With the last game's database, these side games aren't 100% necessary to enjoy the main series, but the sheer scope of it all begs the question: Is it worth it? Yes. A thousand times yes. Like with Xenogears and to some extent Xenoblade, Xenosaga is a thousand-piece puzzle that hands you extra pieces in each game until you finally see the full picture. And by the time you see that holistic view, you won't want it to end. And sadly, due to declining sales with each game, the ending is bittersweet.
Her influence has long outlived her role in the series, making cameo appearances in several Monolith Soft and Bandai Namco games. Besides her most recent appearance in Xenoblade Chronicles 2, KOS-MOS has appeared in some shape or form in the Tales series (Judith has a costume of her in Tales of Vesperia: Definitive Edition), Baten Kaitos, Soul Calibur III, Super Robot Wars OG Saga: Endless Frontier and its Japan-only sequel, both Project X Zone games and more. Not only that, but many figurines of KOS-MOS are still produced to this day. A figurine of her appearance in Xenoblade Chronicles 2 releases this year! Whatever the state of Xenosaga is, the series still exists through KOS-MOS.
However, after Xenosaga Episode I, the composer for the series switched to Yuki Kajiura (.hack//SIGN, Sword Art Online, Madoka Magica) and not for the worse. Her ethereal lyrics, techno beats, and heart-aching instrumental pieces helped shape the narrative. Though Shinji Hosoe (Zero Escape series) composed the gameplay soundtrack for Xenosaga Episode II and it didn't quite match the tone of Kajiura's work, the tracks were still fun. Even with the series switching composers partway through, each Xenosaga offers a sweeping score that fits with the scope of its narrative.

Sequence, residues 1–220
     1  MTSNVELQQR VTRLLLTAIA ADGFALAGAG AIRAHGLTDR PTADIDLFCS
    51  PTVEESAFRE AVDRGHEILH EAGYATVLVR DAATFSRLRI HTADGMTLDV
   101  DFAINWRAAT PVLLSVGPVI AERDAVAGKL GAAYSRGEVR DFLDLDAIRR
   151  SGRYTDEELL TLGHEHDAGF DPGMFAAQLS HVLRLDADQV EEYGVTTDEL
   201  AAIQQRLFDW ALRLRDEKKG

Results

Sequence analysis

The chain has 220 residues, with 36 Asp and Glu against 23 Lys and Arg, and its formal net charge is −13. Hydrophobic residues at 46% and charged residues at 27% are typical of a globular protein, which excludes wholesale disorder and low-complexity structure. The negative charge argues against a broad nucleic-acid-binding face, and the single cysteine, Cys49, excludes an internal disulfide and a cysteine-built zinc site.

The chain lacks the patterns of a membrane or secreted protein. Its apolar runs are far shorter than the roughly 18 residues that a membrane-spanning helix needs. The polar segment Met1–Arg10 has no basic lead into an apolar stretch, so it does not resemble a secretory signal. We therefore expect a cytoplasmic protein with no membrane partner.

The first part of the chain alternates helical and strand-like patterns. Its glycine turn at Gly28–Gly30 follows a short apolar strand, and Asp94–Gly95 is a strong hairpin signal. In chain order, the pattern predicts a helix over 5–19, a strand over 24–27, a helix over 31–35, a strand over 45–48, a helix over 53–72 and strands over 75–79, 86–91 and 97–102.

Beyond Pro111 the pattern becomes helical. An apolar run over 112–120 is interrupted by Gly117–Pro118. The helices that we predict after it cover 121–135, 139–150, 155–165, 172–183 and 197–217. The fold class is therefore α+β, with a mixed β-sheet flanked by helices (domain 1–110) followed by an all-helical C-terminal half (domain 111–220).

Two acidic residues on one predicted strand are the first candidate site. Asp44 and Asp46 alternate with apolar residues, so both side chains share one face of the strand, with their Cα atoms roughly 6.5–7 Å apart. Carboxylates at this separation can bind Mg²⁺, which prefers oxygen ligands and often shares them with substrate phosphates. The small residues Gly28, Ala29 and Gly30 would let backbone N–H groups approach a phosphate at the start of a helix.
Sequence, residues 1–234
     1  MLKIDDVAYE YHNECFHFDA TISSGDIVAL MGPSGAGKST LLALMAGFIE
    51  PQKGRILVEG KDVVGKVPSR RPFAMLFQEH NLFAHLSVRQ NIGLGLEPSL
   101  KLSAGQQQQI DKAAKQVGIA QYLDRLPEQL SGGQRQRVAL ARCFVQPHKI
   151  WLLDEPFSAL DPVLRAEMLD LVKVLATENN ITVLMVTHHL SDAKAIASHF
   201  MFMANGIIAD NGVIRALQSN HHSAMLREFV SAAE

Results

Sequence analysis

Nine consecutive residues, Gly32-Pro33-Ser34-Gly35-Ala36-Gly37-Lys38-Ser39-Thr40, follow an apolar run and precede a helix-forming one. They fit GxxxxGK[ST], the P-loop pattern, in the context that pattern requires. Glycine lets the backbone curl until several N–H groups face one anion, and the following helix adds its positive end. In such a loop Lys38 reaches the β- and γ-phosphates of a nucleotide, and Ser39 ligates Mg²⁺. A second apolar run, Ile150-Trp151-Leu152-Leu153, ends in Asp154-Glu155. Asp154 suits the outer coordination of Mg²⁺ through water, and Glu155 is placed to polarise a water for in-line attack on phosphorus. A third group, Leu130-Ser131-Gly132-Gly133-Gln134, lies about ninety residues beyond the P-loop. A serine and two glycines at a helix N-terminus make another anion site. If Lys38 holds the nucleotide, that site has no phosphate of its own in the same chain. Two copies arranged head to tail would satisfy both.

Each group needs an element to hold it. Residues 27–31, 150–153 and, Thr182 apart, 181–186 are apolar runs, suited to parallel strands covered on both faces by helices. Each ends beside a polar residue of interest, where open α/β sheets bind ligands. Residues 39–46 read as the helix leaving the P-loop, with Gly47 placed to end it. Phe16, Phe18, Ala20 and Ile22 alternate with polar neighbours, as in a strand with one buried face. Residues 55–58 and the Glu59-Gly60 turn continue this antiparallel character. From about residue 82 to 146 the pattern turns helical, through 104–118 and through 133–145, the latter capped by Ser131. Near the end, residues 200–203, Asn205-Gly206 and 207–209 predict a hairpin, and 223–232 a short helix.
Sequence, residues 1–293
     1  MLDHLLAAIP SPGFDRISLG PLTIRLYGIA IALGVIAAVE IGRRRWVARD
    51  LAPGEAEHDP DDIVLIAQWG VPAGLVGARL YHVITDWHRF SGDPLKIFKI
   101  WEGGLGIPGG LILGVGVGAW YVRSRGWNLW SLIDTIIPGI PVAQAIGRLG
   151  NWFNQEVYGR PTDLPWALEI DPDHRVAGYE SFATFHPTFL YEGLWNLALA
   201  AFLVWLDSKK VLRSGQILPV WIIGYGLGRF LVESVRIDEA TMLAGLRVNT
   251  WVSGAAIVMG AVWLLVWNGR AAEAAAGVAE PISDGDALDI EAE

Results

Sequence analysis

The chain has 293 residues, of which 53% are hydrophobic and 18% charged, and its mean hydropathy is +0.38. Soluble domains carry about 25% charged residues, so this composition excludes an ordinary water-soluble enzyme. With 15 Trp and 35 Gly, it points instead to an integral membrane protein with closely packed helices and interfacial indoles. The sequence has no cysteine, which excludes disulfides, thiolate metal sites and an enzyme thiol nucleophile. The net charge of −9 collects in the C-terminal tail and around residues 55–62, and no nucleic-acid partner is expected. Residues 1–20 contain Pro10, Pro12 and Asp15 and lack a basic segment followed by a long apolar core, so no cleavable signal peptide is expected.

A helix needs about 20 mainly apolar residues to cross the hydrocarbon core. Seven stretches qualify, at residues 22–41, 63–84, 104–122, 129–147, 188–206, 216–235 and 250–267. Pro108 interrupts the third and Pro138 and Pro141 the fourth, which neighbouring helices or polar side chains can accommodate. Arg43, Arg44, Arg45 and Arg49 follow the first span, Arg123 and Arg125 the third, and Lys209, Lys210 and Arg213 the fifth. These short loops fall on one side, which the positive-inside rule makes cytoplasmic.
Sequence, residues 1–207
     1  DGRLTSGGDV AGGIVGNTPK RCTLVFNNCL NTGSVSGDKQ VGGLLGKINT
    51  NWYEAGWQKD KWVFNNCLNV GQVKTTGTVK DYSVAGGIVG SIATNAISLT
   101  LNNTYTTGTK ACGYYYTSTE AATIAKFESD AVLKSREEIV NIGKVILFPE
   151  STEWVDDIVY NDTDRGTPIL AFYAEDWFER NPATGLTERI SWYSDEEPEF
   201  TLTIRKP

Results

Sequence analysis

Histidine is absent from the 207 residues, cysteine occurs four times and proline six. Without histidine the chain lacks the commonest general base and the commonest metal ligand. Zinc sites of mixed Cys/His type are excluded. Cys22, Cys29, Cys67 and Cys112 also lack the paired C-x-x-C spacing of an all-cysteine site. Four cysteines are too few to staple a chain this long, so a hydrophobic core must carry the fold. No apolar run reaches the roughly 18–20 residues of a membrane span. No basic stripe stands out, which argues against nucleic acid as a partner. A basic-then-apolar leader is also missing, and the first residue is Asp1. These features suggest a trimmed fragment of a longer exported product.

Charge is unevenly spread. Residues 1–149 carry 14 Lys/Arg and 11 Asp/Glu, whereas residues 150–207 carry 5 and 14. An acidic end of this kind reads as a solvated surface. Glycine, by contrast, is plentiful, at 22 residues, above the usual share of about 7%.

Xenosaga Episode II: Jenseits von Gut und Böse (named after Nietzsche's Beyond Good and Evil) retains that same battle system with some fundamental changes. Each enemy now has specific weaknesses that can be exploited with the correct close- and long-range attack combination. Perhaps a precursor to Xenoblade's Break system, exploiting these weaknesses allows the player to either knock enemies to the ground or launch them into the air for additional damage. Furthermore, with the return of the Boost system, you can deal a significant amount of damage during this phase. Lastly, building stock each turn allows for characters to unleash devastating double team attacks. Though the difficulty during normal battles can make them feel like a drag, the changes to the series' battle system weren't bad.
Lastly, Xenosaga Episode III: Also Sprach Zarathustra (named after, you guessed it, Nietzsche's Thus Spoke Zarathustra), features a more traditional battle system. Gone are close- and long-range attacks. Instead we have a quick attack option along with tech attacks and special attacks. Boost still remains but can also be used to perform special attacks. Mech battles are more fleshed out; each giant robot is given a certain amount of fuel each turn, limiting the amount of attacks that can be performed. Overall, the game sacrifices flash for fast. Animations are quick and to the point, and battles overall aren't difficult. But the streamlined battle system is still enjoyable in the end.